TIP OF THE DAY: The Dirty Dozen & The Clean Fifteen
The bounty of summer produce encourages us to eat more fruits and vegetables. It seems like the healthy thing to do, and it is.
But it’s also time to consider the issue of pesticide residues, and when you should buy organic versus conventional produce.
Rinsing the produce does not remove all of the chemical residue. The Environmental Working Group (EWG) creates an annual Shopper’s Guide to Pesticides to reduce your exposure to chemical pesticides. For fruits and vegetables that have the most pesticide residues—the list below on the left side, known as the “Dirty Dozen”—it is the most important to buy organic versions.
But the organization also underscores that:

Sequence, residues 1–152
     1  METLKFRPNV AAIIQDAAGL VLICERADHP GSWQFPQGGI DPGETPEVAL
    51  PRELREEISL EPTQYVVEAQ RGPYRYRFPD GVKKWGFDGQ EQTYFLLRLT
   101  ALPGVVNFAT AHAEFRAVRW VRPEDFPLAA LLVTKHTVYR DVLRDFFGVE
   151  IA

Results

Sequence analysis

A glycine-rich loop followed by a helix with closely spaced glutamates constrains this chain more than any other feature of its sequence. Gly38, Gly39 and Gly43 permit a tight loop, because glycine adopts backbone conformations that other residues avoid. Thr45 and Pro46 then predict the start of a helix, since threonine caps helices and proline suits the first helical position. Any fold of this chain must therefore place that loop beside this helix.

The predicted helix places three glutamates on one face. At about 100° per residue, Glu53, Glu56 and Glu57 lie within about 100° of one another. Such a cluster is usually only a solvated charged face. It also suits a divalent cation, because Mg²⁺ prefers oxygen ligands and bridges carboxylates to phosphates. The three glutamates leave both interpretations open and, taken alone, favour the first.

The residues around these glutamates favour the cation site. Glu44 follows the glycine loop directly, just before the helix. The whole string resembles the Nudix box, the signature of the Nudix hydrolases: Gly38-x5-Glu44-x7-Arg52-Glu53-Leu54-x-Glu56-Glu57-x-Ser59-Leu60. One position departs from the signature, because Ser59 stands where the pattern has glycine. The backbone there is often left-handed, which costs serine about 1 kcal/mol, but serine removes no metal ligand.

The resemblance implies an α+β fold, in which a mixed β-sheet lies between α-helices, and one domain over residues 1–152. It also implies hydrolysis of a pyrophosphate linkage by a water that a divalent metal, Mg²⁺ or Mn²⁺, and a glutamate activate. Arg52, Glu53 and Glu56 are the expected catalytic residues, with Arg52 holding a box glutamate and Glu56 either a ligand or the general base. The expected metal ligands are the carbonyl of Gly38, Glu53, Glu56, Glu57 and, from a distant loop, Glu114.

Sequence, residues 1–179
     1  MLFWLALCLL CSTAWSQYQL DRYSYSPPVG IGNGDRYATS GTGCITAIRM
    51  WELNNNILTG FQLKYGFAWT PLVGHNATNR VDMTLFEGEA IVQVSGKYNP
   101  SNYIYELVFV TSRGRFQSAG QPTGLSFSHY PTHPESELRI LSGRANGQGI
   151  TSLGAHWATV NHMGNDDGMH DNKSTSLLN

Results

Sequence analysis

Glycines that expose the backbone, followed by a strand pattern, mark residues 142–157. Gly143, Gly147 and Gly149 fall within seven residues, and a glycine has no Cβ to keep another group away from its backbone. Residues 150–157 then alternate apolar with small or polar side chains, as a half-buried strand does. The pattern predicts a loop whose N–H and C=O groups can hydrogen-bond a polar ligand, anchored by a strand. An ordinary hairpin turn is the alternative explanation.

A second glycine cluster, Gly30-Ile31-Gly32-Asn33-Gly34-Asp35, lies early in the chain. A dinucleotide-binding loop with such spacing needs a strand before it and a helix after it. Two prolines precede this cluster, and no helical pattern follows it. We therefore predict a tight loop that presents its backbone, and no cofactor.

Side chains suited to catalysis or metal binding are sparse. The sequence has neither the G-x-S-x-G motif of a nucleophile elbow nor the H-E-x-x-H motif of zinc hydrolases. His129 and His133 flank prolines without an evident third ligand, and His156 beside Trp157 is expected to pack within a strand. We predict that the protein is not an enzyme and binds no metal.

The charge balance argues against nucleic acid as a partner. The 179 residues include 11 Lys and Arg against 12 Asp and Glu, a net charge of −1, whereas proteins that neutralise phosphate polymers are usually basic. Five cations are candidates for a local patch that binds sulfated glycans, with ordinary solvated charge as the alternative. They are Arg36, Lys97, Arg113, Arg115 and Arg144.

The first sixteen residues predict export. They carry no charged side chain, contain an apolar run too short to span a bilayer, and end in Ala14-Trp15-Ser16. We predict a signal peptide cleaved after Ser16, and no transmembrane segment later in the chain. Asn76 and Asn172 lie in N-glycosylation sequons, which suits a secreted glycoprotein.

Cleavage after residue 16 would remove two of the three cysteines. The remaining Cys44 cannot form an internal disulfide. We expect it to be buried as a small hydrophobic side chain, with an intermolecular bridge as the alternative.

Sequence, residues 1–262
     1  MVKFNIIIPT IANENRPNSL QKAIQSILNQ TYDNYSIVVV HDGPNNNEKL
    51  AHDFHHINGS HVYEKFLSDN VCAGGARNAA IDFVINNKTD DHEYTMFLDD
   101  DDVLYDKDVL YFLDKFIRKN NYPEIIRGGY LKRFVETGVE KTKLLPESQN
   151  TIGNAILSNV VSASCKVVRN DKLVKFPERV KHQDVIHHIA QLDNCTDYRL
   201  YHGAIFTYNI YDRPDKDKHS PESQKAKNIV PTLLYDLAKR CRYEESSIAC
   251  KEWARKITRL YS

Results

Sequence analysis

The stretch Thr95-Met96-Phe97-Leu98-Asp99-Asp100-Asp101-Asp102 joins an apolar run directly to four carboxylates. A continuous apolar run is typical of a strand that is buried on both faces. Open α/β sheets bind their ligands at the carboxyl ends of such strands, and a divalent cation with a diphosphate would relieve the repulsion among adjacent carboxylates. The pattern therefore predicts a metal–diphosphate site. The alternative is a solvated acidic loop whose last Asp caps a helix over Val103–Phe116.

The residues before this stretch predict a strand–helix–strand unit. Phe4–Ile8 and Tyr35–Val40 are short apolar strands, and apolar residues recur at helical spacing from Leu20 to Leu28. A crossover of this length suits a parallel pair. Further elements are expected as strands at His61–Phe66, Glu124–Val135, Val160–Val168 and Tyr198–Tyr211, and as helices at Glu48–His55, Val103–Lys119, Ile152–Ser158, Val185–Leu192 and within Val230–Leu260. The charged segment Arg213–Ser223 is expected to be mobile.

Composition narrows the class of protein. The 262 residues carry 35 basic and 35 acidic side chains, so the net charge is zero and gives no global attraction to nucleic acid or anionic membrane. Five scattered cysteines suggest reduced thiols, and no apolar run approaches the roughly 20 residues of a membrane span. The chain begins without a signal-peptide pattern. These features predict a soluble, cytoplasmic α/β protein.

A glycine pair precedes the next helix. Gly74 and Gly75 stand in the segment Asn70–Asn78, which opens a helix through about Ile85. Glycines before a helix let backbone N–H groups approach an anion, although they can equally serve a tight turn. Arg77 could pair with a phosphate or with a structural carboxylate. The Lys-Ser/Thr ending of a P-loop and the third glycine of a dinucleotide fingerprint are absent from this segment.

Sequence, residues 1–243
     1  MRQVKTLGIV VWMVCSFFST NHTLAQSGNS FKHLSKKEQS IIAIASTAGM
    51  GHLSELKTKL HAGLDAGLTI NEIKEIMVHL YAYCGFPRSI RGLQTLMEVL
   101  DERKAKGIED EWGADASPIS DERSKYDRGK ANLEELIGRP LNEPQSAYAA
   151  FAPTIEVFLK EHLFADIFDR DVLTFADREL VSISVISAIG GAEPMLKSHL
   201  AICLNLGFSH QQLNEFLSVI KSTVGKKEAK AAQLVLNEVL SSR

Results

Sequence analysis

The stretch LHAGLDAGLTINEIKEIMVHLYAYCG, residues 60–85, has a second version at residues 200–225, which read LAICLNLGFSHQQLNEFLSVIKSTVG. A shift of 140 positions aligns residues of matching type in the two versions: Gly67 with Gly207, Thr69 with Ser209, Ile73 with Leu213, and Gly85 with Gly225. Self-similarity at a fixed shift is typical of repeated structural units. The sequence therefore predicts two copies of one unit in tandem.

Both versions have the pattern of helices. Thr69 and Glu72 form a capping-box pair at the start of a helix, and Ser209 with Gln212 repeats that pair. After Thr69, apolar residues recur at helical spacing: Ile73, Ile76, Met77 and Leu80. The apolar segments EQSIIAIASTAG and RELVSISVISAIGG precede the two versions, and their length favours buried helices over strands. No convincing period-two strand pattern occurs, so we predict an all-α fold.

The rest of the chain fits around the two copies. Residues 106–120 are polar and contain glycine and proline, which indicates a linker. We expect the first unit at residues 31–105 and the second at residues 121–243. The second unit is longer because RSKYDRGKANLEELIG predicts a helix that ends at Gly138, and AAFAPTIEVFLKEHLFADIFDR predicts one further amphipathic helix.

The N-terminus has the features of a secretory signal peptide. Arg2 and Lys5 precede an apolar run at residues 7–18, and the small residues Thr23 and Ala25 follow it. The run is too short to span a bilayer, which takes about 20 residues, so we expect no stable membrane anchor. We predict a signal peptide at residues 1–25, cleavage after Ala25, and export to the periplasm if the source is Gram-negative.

Affordable in the summer months, we love eating blueberries as often as we can. They’re so high in antioxidants—but also high in pesticide residue. Photo courtesy Siggi’s.
As far as the most chemical-free produce, look to the list on the right: the “Clean Fifteen.”
Why is some produce “dirty” and others “clean?”
Crops differ in their hardiness—whether they’re more or less susceptible to intense heat, cold, rainfall, drought, fungus or other disease, etc.
In the case of bugs, some crops are more readily attacked and destroyed by the hungry little critters. So chemical pesticides are used to kill the bugs, fungus, etc. before they kill the crop.
Though the Environmental Protection Agency has been restricting the uses of the most toxic pesticides, they are still detected on some foods. For example, green beans were on last year’s Dirty Dozen Plus list because they were often contaminated with two highly toxic organophosphates. Those pesticides are being withdrawn from agriculture. But leafy greens still show residues of organophosphates and other risky pesticides. That’s why they are on the Dirty Dozen Plus list for 2013.
Learn more at EWG.org.